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Airport Ambush: Delta’s Stealthy Takeover of Austin’s Scarce Gates

by Staff

Airport Ambush: Delta’s Stealthy Takeover of Austin’s Scarce Gates

Delta Air Lines went big into Austin once American Airlines pulled back flights. Based on early sales and pricing it looks like Delta doesn’t expect these flights to do very well.

Austin is a unique market,

  • passenger traffic has been growing quickly, year-after-year among the fastest in the United States
  • airline capacity has grown at an even faster clip


Barbara Jordan Terminal, Austin

So why get into the market? The airport is full and likely will remain full for the rest of the decade. There aren’t available gates at the airport.

  • As part of planned expansion, they’re even getting rid of the low cost ‘South Terminal’ and will need to accommodate Frontier and Allegiant in the main terminal.
  • They’re building 3 new gates, to deliver in 2026, but that just makes it possible to take 3 gates offline for construction of a connector to a new midfield concourse.


Delta Sky Club Austin

It will be the 2030s before we see midfield concourse gates and greater capacity in Austin. Until then Delta has pretty clearly squatted on some gates by running flights they don’t expect to make money on. And they’ve done it in a low cost way: regional jet flying to Midland and McAllen, Texas. It won’t cost them that much, so they won’t lose that much, but they position themselves in the airport and block growth by other carriers.

While it seemed obvious that competing with Southwest Airlines on Midland to Austin made little sense – Southwest flies four times weekly, Delta will fly up to three times daily, and they won’t get much connecting traffic except at a deep discount into their own hubs (so potentially undercutting other fares they’re selling on those flights from Austin to their hubs), we now have a new reason to know that Delta doesn’t actually care about flying to Midland, Texas: they didn’t even tell the airport they were doing it until 48 hours before they announced it.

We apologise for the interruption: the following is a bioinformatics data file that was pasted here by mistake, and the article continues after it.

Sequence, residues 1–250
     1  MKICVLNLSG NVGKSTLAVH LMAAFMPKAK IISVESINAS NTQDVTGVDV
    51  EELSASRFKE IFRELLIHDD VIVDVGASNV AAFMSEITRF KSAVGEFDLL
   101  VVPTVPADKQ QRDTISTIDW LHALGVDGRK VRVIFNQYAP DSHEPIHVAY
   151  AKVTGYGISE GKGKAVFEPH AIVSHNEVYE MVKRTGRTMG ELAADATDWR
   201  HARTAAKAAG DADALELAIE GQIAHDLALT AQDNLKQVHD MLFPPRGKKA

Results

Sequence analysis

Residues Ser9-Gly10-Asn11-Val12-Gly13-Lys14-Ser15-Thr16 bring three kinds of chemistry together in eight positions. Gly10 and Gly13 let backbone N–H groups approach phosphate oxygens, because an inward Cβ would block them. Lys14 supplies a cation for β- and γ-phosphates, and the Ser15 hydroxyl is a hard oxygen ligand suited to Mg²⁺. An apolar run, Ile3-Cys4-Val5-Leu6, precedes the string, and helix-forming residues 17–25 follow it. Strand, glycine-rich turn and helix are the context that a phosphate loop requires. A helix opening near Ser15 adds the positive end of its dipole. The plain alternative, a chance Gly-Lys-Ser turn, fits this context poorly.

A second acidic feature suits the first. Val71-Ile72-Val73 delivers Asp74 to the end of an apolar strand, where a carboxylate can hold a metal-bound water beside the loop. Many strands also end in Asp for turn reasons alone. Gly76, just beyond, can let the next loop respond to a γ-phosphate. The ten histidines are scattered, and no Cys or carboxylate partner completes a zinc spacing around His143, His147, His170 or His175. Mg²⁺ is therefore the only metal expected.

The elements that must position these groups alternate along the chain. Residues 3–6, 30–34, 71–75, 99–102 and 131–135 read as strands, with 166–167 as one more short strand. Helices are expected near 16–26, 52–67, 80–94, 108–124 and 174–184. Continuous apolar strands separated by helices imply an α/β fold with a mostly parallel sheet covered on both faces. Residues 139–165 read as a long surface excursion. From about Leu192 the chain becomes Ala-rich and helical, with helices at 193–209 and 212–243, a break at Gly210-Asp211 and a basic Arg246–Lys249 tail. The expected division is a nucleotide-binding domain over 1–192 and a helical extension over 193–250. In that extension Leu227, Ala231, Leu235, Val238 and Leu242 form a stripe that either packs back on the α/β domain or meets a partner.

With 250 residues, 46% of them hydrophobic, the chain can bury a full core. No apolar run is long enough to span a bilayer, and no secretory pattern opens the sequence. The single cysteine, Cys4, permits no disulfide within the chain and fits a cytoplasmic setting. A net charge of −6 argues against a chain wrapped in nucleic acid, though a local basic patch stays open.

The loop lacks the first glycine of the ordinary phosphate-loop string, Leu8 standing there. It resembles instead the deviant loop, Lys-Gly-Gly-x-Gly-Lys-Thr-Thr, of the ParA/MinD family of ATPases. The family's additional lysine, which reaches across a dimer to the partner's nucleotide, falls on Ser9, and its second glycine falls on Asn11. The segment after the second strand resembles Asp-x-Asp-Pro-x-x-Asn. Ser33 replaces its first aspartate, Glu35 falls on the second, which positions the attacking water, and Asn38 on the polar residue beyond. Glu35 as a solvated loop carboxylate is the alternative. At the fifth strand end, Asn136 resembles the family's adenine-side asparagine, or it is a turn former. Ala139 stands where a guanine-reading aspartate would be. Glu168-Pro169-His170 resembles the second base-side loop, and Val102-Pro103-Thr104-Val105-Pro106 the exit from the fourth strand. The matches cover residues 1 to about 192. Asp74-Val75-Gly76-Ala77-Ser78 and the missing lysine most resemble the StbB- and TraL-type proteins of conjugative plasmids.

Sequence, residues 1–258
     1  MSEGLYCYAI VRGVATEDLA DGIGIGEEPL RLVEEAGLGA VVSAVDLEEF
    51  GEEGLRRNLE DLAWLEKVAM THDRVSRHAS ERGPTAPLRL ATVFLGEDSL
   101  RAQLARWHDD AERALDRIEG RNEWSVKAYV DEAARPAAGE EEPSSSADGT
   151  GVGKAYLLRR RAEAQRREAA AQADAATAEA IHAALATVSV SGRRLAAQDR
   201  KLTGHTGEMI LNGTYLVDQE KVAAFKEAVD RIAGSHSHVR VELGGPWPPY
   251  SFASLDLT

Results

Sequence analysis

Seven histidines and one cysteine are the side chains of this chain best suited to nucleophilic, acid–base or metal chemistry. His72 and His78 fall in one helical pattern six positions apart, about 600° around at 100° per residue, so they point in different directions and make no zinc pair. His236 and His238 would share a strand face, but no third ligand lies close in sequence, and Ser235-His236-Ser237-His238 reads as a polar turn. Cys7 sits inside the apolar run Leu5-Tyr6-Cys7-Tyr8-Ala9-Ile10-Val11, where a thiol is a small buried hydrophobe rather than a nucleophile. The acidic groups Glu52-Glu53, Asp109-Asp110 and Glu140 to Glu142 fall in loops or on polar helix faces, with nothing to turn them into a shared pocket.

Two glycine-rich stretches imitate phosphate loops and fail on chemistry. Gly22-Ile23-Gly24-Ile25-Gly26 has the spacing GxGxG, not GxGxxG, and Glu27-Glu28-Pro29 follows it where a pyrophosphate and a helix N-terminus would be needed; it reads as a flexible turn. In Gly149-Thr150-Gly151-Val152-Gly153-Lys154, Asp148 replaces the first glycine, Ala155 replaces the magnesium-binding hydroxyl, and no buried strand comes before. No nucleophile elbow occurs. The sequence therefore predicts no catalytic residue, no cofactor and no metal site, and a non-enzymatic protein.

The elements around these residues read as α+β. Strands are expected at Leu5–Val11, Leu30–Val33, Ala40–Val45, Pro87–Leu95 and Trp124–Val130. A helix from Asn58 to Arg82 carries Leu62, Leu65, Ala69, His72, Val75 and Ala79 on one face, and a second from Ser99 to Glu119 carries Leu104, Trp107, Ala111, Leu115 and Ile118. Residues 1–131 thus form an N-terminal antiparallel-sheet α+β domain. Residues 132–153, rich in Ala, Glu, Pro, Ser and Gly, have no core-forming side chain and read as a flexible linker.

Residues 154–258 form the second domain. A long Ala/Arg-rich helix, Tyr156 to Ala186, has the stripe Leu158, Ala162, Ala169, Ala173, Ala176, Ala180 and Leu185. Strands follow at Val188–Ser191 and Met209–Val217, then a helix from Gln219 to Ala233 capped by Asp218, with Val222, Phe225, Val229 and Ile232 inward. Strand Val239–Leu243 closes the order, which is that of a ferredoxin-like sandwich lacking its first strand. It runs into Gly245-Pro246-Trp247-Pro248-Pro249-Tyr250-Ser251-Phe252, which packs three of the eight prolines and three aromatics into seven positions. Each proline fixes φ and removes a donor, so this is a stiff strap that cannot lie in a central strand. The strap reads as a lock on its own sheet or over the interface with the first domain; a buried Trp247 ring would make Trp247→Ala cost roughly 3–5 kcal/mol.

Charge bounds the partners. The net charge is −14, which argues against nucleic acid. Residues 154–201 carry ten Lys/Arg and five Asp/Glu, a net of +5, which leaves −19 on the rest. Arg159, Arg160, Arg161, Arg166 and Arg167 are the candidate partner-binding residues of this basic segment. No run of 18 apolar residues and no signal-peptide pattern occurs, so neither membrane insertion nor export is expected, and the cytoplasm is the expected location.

Airports hire consultants and make pitches to airlines. There were no active conversations between the Midland-Odessa airport and Delta. The Atlanta-based airline merely gave the airport a two day heads up that they’d be starting service.

  • Delta used to serve Dallas Fort Worth – Midland, signed a 5 year deal, and then “backed out after nine months.”
  • According to the airport there, even, Delta is adding Midland service “because they’re trying to make” Austin “a hub.” (In fact, a focus city.)

    They were supposed to stay five years last time … We did a five-year contract with them and we held them to it. But you know what? They say they’re planning to be here for the long haul. They’re trying to build up their traffic out of Austin. They’re trying to make it a hub, so they’re starting Midland and McAllen same day to kind of bring more passengers into Austin where they can make easy connections to get to the other places Delta flies.

  • They had had zero conversations about this service.

    Delta contacted the Midland airport about coming back on a Wednesday and said they were going to announce it that Friday that they were going to sell tickets out of Midland.

    “Usually, airports reach out to airlines, or the airline will reach out and say, hey, we’re looking into expanding to your area. Do you have room for us and it leads to a negotiation, but not this time, which is okay,” Ruff said.

  • Nothing was even set up with the airport before announcing April 22 service start:

    Contract negotiations and logistics have to be settled and the airline will have to bring computers in.

    “They have to bring radios in to put on the roof to talk to the aircraft. It’s not physically talking, but it’s a communication method that they use. All the airlines have antennas up on the roof that they use. It’s just the logistics of getting it done. We’ll get it done,” Ruff said.

    The airport has some empty ticket space that they have called the Delta space for the last 20 years because that’s where they were before and Ruff said that’s the space Delta is returning to.

    They have shell ticket counters that look the same as everyone else’s and then the airlines put in their inserts.

    “We already have the shells, and they’ll just make an insert that fits in there,” Ruff said.


Delta And International End Of The Austin Airport

It sounds like Delta decided they needed to plant their flag in Austin, realized they needed a place to send planes in order to do so, and as an afterthought told Midland, Texas they’d be coming – only just before announcing it to the public.

(HT: Enilria)

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